Mrs. M.G. Ah, but you can feel independent of criticism, can't you?

Mr. T. Oh, I defy anyone to find anything unwholesome in it—it's as suitable for the most delicate child as it is for adults—nothing to irritate the most sensitive—

Mrs. M.G. Ah, you mean certain critics are so thin-skinned—they are indeed!

Mr. T. (warming to his subject). But the beauty of this particular composition is that it causes absolutely no unpleasantness or inconvenience afterwards. In some cases, indeed, it acts like a charm. I've known of two cases of long-standing erysipelas it has completely cured.

Mrs. M.G. (rather at sea). How gratifying that must be. But that is the magic of all truly great work, it is such an anodyne—it takes people so completely out of themselves—doesn't it?

Mr. T. It takes anything of that sort out of them, Ma'am. It's the finest discovery of the age, no household will be without it in a few months—though perhaps I say it who shouldn't.

Mrs. M.G. (still more astonished). Oh, but I like to hear you. I'm so tired of hearing people pretending to disparage what they have done, it's such a pose, and I hate posing. Real genius is never modest. (If he had been more retiring, she would have, of course, reversed this axiom.) I wish you would come and see me on one of my Tuesdays, Mr. TABLETT, I should feel so honoured, and I think you would meet some congenial spirits—do look in some evening—I will send you a card if I may—let me see—could you come and lunch next Sunday? I've got a little man coming who was very nearly eaten up by cannibals. I think he would interest you.

[pg 53]

Mr. T. I shall be proud to meet him. Er—did they eat much of him?

Mrs. M.G. (who privately thinks this rather vulgar). How witty you are! That's quite worthy of a—Sabrina, really! Then you will come? So glad. And now I mustn't keep you from your other admirers any longer. [She dismisses him.


Mrs. M.G. (to her Brother-in-law). How could you say that dear Mr. TABLETT was dull, PHIL? I found him perfectly charming—so original and unconventional! He's promised to come to me. By the way, what did you say the name of his book was?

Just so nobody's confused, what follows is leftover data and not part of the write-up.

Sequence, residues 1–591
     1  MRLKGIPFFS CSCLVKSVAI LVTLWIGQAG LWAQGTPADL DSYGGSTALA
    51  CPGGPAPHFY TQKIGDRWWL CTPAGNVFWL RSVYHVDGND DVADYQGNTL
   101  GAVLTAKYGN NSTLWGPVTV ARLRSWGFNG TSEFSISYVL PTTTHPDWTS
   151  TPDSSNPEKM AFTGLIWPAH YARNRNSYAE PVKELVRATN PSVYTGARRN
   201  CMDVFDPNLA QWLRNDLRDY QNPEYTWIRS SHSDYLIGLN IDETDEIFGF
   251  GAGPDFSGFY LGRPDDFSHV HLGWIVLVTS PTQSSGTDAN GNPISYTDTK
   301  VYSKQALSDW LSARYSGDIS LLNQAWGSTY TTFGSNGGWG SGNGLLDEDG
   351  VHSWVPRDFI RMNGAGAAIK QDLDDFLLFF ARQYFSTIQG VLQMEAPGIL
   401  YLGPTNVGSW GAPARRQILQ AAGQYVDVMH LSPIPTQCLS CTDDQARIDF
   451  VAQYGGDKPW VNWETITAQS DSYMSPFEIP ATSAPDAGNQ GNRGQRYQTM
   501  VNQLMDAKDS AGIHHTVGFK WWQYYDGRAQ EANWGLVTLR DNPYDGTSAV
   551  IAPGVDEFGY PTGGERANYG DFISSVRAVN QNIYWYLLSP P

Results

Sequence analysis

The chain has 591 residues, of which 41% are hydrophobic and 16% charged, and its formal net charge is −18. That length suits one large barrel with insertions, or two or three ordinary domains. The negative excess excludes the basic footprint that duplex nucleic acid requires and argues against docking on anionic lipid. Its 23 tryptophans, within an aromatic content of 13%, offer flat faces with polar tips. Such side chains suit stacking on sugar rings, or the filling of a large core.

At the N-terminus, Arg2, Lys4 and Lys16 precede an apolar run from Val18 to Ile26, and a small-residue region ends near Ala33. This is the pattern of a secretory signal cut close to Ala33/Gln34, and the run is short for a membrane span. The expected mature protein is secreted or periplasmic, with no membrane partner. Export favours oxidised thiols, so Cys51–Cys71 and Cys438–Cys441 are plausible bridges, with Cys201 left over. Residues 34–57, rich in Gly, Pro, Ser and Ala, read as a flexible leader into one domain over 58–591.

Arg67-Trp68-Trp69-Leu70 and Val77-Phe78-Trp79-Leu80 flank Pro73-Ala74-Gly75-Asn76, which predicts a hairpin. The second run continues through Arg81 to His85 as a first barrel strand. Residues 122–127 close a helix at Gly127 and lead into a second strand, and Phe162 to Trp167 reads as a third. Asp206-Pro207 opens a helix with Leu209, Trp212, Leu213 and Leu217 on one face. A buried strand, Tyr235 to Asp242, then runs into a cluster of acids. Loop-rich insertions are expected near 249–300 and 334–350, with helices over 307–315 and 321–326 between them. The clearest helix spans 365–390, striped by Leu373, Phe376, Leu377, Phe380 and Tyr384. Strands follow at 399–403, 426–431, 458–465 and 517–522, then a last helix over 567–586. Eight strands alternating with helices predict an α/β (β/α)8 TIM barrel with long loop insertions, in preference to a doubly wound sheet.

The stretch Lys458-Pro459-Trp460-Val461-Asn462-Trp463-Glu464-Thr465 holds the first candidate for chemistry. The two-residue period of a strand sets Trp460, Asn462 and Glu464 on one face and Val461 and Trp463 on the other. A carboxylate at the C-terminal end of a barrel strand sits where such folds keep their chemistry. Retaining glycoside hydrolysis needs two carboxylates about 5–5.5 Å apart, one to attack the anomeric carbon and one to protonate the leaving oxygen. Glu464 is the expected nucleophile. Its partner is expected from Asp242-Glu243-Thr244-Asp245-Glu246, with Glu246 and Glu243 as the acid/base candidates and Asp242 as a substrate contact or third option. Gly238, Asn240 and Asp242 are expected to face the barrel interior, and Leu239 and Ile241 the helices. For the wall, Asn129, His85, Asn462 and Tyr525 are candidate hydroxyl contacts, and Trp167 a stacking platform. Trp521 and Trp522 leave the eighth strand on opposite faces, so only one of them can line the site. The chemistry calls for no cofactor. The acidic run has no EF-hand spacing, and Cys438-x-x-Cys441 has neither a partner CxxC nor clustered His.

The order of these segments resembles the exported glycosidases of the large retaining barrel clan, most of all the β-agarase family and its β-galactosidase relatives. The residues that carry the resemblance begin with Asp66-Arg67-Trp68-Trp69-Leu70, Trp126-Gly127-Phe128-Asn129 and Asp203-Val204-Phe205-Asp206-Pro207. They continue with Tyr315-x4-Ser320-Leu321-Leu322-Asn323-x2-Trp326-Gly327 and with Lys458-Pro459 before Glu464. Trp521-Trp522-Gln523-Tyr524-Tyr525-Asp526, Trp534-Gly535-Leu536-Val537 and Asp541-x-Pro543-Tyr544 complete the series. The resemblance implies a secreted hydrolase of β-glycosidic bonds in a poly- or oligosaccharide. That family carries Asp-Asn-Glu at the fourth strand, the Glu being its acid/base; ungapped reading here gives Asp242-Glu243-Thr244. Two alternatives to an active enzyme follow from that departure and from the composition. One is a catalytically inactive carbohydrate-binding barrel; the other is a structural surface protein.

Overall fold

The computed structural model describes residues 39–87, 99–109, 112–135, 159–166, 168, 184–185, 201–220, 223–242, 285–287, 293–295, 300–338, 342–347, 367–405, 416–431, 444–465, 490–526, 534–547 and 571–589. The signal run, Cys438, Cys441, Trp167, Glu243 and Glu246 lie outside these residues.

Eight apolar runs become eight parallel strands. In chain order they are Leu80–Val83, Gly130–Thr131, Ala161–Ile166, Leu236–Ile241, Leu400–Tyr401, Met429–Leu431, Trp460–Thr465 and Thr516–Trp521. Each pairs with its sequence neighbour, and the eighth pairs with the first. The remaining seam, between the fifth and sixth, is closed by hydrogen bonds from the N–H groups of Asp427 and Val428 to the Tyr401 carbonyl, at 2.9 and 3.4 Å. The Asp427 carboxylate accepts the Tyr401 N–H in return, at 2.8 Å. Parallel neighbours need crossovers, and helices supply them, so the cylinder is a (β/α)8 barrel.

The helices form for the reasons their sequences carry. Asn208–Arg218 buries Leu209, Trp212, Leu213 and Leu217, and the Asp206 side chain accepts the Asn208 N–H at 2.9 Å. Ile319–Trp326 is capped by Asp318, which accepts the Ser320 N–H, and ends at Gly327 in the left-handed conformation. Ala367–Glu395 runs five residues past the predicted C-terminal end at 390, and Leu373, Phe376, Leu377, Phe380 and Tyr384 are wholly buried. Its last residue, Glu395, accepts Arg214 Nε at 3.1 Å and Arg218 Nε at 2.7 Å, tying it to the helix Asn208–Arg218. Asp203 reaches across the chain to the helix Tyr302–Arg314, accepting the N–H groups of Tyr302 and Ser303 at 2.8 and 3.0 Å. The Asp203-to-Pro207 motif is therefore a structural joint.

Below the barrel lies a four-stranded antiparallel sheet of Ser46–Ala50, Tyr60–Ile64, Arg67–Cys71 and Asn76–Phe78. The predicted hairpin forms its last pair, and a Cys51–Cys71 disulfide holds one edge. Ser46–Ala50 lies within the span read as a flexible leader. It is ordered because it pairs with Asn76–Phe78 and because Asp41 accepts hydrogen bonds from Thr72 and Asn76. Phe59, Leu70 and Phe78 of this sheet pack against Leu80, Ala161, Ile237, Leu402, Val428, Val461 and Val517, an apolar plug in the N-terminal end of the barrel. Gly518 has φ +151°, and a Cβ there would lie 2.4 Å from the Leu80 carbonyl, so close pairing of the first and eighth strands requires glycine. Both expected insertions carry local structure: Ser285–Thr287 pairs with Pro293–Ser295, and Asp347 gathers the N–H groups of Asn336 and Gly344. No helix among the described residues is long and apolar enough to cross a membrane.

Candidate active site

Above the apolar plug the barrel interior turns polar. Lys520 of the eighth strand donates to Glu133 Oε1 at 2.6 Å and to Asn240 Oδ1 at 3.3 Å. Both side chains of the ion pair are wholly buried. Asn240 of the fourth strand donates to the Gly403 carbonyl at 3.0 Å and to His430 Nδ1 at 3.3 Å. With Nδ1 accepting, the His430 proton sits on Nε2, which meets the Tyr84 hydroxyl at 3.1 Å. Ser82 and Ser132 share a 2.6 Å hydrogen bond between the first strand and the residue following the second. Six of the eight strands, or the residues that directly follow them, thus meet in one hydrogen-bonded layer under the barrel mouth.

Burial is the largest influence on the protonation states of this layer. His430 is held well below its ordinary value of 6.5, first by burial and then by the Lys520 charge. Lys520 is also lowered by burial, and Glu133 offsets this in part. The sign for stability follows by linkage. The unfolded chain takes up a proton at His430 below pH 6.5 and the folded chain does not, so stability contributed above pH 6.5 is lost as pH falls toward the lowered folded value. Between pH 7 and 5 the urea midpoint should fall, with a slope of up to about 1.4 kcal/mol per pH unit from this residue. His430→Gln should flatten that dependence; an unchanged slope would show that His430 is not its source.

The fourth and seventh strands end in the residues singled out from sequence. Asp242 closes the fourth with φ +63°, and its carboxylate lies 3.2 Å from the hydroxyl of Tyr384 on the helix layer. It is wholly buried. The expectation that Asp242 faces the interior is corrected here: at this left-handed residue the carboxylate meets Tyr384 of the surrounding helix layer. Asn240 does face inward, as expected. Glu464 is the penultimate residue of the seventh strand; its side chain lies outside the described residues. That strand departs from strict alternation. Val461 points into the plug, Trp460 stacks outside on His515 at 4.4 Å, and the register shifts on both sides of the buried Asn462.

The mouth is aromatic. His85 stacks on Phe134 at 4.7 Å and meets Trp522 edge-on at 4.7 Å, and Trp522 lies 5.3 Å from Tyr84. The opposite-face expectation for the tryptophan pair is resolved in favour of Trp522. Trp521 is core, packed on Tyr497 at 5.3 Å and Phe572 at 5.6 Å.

Phil. I never said he had written a book.

Mrs. M.G. PHIL—you did!—Sabrina's Other—Something. Why, I've been praising it to him, entirely on your recommendation.

Phil. No, no—your mistake. I only asked you if you'd read Sabrina's Uncle's Other Niece, and, as I made up the title on the spur of the moment, I should have been rather surprised if you had. He never wrote a line in his life.

Mrs. M.G. How abominable of you! But surely he's famous for something? He talks like it. [With reviving hope.

Phil. Oh, yes, he's the inventor and patentee of the new "Sabrina" Soap—he says he'll make a fortune over it.

Mrs. M.G. But he hasn't even done that yet! PHIL, I'll never forgive you for letting me make such an idiot of myself. What am I to do now? I can't have him coming to me—he's really too impossible!

Phil. Do? Oh, order some of the soap, and wash your hands of him, I suppose—not that he isn't a good deal more presentable than some of your lions, after all's said and done!

[Mrs. M.G., before she takes her leave, contrives to inform Mr. TABLETT, with her prettiest penitence, that she has only just recollected that her luncheon party is put off, and that her Tuesdays are over for the Season. Directly she returns to Town, she promises to let him hear from her; in the meantime, he is not to think of troubling himself to call. So there is no harm done, after all.


(Last Week of Opera.)

Hamlet Personally Conducted.